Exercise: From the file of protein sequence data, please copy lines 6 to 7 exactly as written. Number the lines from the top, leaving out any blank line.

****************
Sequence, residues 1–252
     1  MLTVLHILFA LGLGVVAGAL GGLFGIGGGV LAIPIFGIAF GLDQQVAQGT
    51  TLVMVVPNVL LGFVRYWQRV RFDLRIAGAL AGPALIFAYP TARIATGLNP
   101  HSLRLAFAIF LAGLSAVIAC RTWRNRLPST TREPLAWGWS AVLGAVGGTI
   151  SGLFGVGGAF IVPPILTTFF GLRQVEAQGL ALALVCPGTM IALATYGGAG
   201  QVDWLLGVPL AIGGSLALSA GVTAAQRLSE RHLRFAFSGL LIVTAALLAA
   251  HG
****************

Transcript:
   201  QVDWLLGVPL AIGGSLALSA GVTAAQRLSE RHLRFAFSGL LIVTAALLAA
   251  HG